Try an on-line search for "Phillips RH750 service manual". The only information I've found so far is a forum comment
that it was made for a limited market (Australia?). If the fried resistor was in an amplifier, you could just look at the other channel for the matching part, but we must work with what we have.
One important peripheral item is to check the parts connected to the resistor for shorts. It could just be a slightly over-driven part finally succumbing to years of moderate overheating, or it might be a catastrophic failure due to another part breaking down inside.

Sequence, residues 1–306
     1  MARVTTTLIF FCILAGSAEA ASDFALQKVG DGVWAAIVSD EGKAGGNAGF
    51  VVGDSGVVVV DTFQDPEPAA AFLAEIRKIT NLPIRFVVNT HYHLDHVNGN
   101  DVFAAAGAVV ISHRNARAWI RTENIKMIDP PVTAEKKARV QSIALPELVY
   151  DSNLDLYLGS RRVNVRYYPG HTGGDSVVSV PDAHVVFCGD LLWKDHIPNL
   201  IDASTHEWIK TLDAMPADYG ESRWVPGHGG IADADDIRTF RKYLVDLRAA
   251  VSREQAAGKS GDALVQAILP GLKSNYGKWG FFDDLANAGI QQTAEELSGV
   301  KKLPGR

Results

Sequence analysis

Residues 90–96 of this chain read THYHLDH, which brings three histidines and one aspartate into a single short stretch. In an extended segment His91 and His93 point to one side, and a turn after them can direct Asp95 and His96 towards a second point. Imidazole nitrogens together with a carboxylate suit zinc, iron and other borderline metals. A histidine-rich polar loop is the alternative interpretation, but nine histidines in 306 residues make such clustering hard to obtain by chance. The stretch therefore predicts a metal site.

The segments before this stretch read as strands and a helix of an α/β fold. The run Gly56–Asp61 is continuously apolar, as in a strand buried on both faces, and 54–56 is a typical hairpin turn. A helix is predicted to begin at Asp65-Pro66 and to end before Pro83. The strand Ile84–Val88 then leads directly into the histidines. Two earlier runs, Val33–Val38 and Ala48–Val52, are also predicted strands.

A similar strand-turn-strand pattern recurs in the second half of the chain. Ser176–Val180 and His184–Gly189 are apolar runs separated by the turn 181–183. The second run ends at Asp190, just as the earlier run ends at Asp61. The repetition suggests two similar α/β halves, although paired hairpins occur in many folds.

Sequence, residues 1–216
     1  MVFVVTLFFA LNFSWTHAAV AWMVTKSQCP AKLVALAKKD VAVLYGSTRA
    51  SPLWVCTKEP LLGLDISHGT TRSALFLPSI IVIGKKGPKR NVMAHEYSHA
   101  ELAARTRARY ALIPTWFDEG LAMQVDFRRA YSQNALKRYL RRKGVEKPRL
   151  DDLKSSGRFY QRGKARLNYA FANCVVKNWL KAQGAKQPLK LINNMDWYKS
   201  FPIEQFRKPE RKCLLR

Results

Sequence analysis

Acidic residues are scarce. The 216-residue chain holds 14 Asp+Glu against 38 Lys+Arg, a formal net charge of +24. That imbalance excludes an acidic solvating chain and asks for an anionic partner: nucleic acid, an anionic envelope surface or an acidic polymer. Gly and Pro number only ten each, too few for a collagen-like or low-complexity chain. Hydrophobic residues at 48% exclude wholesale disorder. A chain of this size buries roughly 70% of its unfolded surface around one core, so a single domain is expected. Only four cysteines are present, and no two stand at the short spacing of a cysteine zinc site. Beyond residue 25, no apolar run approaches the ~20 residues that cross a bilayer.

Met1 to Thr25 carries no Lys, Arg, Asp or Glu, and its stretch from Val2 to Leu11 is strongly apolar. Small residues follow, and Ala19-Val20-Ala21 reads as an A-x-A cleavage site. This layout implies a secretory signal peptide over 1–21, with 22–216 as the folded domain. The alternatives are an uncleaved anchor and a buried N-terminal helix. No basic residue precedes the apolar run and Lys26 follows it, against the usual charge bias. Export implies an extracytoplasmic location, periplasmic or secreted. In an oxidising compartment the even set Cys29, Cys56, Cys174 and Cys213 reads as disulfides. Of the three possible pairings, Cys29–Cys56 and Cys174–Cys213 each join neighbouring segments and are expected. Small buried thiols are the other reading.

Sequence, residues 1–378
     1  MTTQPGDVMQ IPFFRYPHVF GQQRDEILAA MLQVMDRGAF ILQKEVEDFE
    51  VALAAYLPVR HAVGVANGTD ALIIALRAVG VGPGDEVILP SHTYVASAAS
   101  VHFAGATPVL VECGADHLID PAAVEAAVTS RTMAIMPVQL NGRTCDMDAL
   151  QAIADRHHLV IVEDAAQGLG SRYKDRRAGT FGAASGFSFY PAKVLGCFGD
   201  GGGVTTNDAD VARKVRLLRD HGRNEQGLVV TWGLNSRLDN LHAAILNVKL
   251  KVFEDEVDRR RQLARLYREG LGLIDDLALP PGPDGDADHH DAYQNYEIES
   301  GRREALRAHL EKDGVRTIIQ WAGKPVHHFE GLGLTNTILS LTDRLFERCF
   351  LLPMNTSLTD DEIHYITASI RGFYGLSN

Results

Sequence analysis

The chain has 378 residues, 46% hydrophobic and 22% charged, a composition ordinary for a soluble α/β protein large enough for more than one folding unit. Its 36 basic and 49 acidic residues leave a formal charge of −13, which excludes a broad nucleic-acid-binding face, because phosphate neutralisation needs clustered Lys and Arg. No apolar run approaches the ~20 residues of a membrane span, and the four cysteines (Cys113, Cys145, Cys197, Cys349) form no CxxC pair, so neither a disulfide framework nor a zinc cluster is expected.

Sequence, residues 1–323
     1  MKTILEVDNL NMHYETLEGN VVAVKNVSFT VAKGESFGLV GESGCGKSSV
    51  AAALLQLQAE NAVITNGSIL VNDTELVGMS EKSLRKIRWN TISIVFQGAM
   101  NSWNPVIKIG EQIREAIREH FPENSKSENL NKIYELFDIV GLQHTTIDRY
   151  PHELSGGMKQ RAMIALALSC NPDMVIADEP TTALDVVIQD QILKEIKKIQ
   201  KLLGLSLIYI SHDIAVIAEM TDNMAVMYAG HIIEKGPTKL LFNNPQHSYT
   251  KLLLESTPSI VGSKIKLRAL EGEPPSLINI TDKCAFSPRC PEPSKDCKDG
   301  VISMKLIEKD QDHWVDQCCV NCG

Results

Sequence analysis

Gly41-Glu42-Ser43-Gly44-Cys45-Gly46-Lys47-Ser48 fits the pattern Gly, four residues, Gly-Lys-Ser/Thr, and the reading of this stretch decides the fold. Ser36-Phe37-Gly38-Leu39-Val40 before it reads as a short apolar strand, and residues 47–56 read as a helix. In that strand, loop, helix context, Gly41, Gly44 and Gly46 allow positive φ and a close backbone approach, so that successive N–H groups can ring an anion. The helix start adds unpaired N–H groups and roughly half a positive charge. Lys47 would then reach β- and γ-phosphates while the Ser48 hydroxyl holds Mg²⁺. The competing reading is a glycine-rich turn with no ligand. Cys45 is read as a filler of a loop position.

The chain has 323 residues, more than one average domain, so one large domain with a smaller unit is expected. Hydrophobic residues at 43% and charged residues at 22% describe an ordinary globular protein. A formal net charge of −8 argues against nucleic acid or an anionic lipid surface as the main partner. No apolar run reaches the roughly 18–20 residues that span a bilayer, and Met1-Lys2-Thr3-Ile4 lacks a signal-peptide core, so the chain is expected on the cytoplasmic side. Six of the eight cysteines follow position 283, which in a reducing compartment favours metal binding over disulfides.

If you can't find the service manual or schematic, you may have to reverse-engineer the circuit - trace it, map it out, measure the power supply voltage, then calculate what the resistor should be for proper biasing. If it was a carbon composition resistor, make sure you replace it with a low-inductance type - that can be critical for proper performance in a radio tuner.
If the resistor is part of a section using an integrated circuit, try to find the data sheet and application notes for the chip. A lot of designers just copied the suggested application circuits in these, so all you would have to is correlate the parts and possibly run through a couple of design equations.
You could also post on the forum linked above and ask whomever it is who owns one of these to take a look inside and tell you what the stripes are on his R142. He may want do it just to know whether his unit is headed for the same failure.